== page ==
Another systematic reviews of existing literature were performed by Perin, Erdmann, Higashi, and Sasso (2016) and Curan and Rosetto (2017), examining interventions to reduce CRBIs. Curan and Rosetto (2017) looked into the prevention of CRBIs in newborns, and recommended care bundles, including “hand hygiene, the use of maximal sterile barriers, cleansing skin with Chlorhexidine at 0.2% and letting air dry, keeping preassembled insertion kits, and having staff with special training” (2017, 6). Care bundles are groups of standard-use behaviors that have been proven through evidence-based research to improve patient outcomes when used in conjunction. Using only necessary catheters helps reduce infection instance (Perin, Erdmann, Higashi, ; Sasso, 2016). Most importantly, evidence shows that education, safety culture, and sanitation practices in hospitals and organizations lead to the best outcomes (Perin, Erdmann, Higashi, ; Sasso, 2016). This supports the need for research in hospitals, and a way to further standardize disinfectant processes. Finding which of the three disinfectants works best, and then creating educational information to spread the knowledge, will be in line with the recommendations of
Moreau and Flynn (2015) specifically address the integration of clinical evidence-based practices for disinfection of needleless connector hubs. Needleless connectors (NC) are used in most intravascular medical devices, and infection of the NC is related to half of post-insertion CRBIs. The authors found that the primary cause of colonization of the NC is due to insufficient cleaning when switching catheters, and that the flora can invade the needle and other parts of the catheter (Moreau ; Flynn, 2015). Some studies have shown compliance with post-insertion disinfectant procedures to be as low as 10% (Moreau ; Flynn, 2015). This shows that there is a need for the care bundles and education recommended in the various studies reviewed. Since education and organizational culture of attention to disinfecting are considered primary predictors for decreased CRBI rates, Moreau and Flynn’s study reinforces the need for a single, standard effective disinfecting solution. These authors recommend scrubbing with 70% alcohol as the disinfectant choice, but this evidence is contradicted by the recommendations of Camacho-Ortiz and Roman-Mancha (2016).
The authors Camacho-Ortiz & Roman-Mancha (2016) explored and discussed the importance of disinfectant over method of disinfecting, such as scrubbing, twisting, etc.. Chlorhexidine was compared to providone-iodine in a recent study known as the CLEAN study (Oliver-Mimoz et al., 2015). In that study, there was a clear reduction in infection when Chlorhexidine was used. At the same time, the authors of both papers acknowledged that there was not enough evidence to support Chlorhexidine over all disinfectants, and that little research has been done to find which is best. However, since they found a difference between two of the three recommended procedures, this proposed study may also find a difference, or add to the body of data on the subject.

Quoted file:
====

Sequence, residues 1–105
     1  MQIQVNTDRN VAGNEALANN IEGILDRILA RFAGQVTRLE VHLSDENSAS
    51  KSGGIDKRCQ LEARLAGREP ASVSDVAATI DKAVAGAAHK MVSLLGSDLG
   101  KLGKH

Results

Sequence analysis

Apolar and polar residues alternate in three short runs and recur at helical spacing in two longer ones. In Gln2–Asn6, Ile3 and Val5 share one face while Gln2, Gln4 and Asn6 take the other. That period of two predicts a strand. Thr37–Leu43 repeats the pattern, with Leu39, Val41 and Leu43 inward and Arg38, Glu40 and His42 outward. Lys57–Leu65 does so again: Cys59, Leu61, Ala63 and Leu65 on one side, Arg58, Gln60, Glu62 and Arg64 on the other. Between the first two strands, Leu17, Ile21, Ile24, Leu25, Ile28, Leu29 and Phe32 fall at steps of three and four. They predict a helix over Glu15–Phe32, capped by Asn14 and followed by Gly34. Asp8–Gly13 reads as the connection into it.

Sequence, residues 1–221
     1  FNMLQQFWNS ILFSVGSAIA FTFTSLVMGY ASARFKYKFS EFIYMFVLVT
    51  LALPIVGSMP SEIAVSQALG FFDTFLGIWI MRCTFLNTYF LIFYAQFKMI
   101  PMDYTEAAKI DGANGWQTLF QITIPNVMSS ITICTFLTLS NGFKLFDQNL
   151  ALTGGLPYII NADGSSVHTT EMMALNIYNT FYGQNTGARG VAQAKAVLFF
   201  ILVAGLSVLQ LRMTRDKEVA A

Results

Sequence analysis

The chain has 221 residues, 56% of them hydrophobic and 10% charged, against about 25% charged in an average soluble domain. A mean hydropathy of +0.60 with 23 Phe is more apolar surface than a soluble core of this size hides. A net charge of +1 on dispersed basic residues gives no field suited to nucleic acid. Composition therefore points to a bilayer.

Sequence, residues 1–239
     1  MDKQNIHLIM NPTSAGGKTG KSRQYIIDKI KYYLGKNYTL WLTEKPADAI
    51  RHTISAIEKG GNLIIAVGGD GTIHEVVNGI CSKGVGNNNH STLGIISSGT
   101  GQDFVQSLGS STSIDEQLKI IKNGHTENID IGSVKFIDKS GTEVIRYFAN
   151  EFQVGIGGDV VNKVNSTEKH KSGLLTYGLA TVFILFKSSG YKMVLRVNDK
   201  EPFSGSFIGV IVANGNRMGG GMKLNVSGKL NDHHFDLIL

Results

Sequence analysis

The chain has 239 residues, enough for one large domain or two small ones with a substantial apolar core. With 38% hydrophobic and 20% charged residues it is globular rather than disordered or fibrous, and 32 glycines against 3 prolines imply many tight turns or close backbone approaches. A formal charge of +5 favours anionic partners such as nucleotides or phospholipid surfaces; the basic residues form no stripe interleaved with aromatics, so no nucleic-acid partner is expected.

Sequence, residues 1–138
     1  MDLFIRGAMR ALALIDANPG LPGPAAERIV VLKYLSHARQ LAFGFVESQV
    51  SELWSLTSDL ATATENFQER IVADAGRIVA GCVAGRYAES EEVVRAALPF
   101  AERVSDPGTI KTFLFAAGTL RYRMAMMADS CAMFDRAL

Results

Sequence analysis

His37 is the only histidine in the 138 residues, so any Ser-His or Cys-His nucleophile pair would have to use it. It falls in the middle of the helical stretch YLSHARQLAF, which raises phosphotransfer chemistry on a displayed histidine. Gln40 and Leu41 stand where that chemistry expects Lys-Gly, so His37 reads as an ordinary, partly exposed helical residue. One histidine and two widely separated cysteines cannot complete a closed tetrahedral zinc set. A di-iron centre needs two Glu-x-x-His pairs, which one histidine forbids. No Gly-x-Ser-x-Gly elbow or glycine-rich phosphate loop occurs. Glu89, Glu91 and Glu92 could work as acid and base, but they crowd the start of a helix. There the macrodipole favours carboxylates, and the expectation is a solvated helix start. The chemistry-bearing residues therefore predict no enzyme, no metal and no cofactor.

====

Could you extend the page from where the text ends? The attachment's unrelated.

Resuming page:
The style of application in disinfecting a catheter hub is not as important as the constant and reliable use of an effective solution. Standard behaviors lead to uniform application (Sochet, Siems, Godiwala, Herbert, & Corriveau, 2016). By creating educational, EBP standards, patients receive the same quality care regardless of who sees them and where. The intervention and experiment proposed for this study is based on the need for finding which of the three standard disinfectants are best at cleaning a catheter hub. In the proposed research, style of disinfecting will be ignored, and the medical professional can use scrubbing, twisting, or whatever style they want. This procedure is supported by Camacho-Ortiz & Roman-Mancha (2016), and the use of evidence-based research recommending care bundles is also supported (Perin, Erdmann, Higashi, & Sasso, 2016). Education, sanitation attention, and hospital standard policies contribute to reduced cases of CRBIs, so finding one disinfectant that is proven to be optimal, or better than the other two, will inform future research and also inform hospital practices and policies aimed at ensuring good handwashing, insertion cleanliness, and location guidelines are followed.